About InVivoMAb anti-human CD8α
The OKT-8 monoclonal antibody reacts with human CD8α. The CD8 antigen is a transmembrane glycoprotein that acts as a co-receptor for the T cell receptor (TCR). Like the TCR, CD8 binds to class I MHC molecules displayed by antigen presenting cells (APC). CD8 is primarily expressed on the surface of cytotoxic T cells, but can also be found on thymocytes, natural killer cells, and some dendritic cell subsets. CD8 most commonly exists as a heterodimer composed of one CD8α and one CD8β chain however, it can also exist as a homodimer composed of two CD8α chains. Both the CD8α and CD8β chains share significant homology to immunoglobulin variable light chains. The molecular weight of each CD8 chain is approximately 34 kDa. The OKT-8 antibody does not block the binding of the anti-human CD8α antibodies RPA-T8 and HIT8a.
InVivoMAb anti-human CD8α Specifications
|Recommended Isotype Control(s)|
|Recommended Dilution Buffer|
in vivo CD8+ T cell depletion in humanized mice
|Sterility||0.2 μM filtered|
|Production||Purified from tissue culture supernatant in an animal free facility|
|Molecular Weight||150 kDa|
|Storage||The antibody solution should be stored at the stock concentration at 4°C. Do not freeze.|
InVivoMAb anti-human CD8α (Clone: OKT-8)
Chijioke, O., et al. (2015). “Role of the 2B4 Receptor in CD8+ T-Cell-Dependent Immune Control of Epstein-Barr Virus Infection in Mice With Reconstituted Human Immune System Components.” J Infect Dis 212(5): 803-807. Pubmed
Patients with X-linked lymphoproliferative (XLP) disease due to deficiency in the adaptor molecule signaling lymphocytic activation molecule-associated protein (SAP) are highly susceptible to one specific viral pathogen, the Epstein-Barr virus (EBV). This susceptibility might result from impaired CD8(+) T-cell and natural killer cell responses to EBV infection in these patients. We demonstrate that antibody blocking of the SAP-dependent 2B4 receptor is sufficient to induce XLP-like aggravation of EBV disease in mice with reconstituted human immune system components. CD8(+) T cells require 2B4 for EBV-specific immune control, because 2B4 blockade after CD8(+) T-cell depletion did not further aggravate symptoms of EBV infection.
Billerbeck, E., et al. (2013). “Characterization of human antiviral adaptive immune responses during hepatotropic virus infection in HLA-transgenic human immune system mice.” J Immunol 191(4): 1753-1764. PubMed
Humanized mice have emerged as a promising model to study human immunity in vivo. Although they are susceptible to many pathogens exhibiting an almost exclusive human tropism, human immune responses to infection remain functionally impaired. It has recently been demonstrated that the expression of HLA molecules improves human immunity to lymphotropic virus infections in humanized mice. However, little is known about the extent of functional human immune responses in nonlymphoid tissues, such as in the liver, and the role of HLA expression in this context. Therefore, we analyzed human antiviral immunity in humanized mice during a hepatotropic adenovirus infection. We compared immune responses of conventional humanized NOD SCID IL-2Rgamma-deficient (NSG) mice to those of a novel NOD SCID IL-2Rgamma-deficient strain transgenic for both HLA-A*0201 and a chimeric HLA-DR*0101 molecule. Using a firefly luciferase-expressing adenovirus and in vivo bioluminescence imaging, we demonstrate a human T cell-dependent partial clearance of adenovirus-infected cells from the liver of HLA-transgenic humanized mice. This correlated with liver infiltration and activation of T cells, as well as the detection of Ag-specific humoral and cellular immune responses. When infected with a hepatitis C virus NS3-expressing adenovirus, HLA-transgenic humanized mice mounted an HLA-A*0201-restricted hepatitis C virus NS3-specific CD8(+) T cell response. In conclusion, our study provides evidence for the generation of partial functional antiviral immune responses against a hepatotropic pathogen in humanized HLA-transgenic mice. The adenovirus reporter system used in our study may serve as simple in vivo method to evaluate future strategies for improving human intrahepatic immune responses in humanized mice.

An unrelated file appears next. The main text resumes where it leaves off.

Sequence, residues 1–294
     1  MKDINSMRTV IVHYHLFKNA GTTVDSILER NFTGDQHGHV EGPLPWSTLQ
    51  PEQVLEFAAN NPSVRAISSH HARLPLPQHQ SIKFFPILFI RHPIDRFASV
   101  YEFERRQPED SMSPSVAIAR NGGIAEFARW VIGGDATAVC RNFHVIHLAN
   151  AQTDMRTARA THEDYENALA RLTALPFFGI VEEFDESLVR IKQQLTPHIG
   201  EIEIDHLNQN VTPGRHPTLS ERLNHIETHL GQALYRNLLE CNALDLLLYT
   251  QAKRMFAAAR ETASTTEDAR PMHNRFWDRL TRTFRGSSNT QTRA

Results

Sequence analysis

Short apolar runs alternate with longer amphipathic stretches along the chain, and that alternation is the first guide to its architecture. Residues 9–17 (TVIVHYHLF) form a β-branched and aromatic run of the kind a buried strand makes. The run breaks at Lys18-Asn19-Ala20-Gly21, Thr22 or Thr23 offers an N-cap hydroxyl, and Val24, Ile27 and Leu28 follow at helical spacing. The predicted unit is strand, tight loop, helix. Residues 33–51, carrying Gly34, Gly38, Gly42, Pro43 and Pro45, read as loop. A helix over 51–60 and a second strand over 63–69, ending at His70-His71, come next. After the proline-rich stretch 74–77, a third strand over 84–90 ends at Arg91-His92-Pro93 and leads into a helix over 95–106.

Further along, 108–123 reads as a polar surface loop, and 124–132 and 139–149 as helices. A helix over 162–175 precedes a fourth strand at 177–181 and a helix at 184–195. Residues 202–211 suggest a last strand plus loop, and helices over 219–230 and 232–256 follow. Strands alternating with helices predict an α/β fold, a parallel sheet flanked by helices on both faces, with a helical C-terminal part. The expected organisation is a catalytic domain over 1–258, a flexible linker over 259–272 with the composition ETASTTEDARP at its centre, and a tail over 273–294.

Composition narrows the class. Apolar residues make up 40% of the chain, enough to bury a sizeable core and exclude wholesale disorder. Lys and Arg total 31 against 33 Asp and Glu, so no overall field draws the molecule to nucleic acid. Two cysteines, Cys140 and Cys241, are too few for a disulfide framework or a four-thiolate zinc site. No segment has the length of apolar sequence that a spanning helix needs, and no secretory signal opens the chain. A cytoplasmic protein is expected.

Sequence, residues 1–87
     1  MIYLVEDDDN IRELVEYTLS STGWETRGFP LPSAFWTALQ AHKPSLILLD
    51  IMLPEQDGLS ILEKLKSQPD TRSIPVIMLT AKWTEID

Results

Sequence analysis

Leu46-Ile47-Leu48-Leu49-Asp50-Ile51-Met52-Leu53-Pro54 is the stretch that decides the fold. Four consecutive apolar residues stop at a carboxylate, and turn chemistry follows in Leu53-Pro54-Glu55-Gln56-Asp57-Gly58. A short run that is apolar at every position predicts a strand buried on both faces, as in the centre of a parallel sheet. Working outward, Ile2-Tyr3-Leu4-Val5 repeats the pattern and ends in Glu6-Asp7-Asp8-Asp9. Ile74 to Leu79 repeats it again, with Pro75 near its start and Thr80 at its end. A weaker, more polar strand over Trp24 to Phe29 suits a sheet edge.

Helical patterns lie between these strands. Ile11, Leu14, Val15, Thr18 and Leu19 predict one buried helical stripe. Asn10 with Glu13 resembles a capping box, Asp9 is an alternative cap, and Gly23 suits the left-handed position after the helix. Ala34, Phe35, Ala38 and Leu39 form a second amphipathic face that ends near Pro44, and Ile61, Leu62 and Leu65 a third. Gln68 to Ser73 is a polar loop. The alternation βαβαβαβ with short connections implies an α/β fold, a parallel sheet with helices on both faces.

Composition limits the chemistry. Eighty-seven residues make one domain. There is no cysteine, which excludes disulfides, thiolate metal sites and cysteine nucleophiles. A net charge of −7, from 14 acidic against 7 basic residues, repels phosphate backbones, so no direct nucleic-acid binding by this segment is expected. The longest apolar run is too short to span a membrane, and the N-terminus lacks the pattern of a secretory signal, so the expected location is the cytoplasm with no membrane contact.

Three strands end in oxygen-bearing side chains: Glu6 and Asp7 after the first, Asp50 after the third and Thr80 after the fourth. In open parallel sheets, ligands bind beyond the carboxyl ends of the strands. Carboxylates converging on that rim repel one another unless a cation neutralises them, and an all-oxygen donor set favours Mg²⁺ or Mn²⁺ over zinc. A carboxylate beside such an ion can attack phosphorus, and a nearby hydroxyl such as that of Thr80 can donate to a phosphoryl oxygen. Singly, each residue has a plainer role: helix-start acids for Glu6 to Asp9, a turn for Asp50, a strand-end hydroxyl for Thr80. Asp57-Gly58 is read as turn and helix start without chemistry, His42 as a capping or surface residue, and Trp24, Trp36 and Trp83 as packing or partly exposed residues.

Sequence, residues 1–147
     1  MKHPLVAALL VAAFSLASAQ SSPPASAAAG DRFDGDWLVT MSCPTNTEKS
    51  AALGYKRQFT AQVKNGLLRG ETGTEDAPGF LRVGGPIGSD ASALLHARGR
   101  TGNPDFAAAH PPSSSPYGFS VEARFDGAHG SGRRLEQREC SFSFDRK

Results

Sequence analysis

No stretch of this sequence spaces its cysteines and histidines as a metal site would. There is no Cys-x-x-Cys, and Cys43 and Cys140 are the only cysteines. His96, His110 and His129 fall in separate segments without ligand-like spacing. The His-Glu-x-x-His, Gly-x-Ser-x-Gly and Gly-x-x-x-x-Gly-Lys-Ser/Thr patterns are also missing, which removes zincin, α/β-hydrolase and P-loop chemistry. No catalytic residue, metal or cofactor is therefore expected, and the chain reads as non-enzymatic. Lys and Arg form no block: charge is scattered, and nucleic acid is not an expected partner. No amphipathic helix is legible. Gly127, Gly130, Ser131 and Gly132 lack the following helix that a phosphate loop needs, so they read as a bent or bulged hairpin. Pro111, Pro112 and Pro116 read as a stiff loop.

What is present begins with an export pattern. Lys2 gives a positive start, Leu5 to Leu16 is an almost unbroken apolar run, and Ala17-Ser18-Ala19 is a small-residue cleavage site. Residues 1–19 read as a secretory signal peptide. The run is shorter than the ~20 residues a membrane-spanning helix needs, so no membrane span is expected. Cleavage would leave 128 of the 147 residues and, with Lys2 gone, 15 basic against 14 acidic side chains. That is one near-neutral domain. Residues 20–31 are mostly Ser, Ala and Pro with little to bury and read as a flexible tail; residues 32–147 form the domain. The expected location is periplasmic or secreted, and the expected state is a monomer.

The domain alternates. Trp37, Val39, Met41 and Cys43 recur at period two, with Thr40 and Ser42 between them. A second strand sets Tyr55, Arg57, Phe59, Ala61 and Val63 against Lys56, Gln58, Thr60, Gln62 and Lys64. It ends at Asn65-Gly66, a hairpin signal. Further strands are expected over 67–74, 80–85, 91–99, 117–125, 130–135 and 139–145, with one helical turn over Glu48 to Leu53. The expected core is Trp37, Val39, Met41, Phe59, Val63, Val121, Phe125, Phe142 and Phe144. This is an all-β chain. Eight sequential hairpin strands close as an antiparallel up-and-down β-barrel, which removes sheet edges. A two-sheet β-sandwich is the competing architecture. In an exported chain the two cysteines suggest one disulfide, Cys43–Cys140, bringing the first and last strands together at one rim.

Chijioke, O., et al. (2013). “Human natural killer cells prevent infectious mononucleosis features by targeting lytic Epstein-Barr virus infection.” Cell Rep 5(6): 1489-1498. PubMed
Primary infection with the human oncogenic Epstein-Barr virus (EBV) can result in infectious mononucleosis (IM), a self-limiting disease caused by massive lymphocyte expansion that predisposes for the development of distinct EBV-associated lymphomas. Why some individuals experience this symptomatic primary EBV infection, whereas the majority acquires the virus asymptomatically, remains unclear. Using a mouse model with reconstituted human immune system components, we show that depletion of human natural killer (NK) cells enhances IM symptoms and promotes EBV-associated tumorigenesis mainly because of a loss of immune control over lytic EBV infection. These data suggest that failure of innate immune control by human NK cells augments symptomatic lytic EBV infection, which drives lymphocyte expansion and predisposes for EBV-associated malignancies.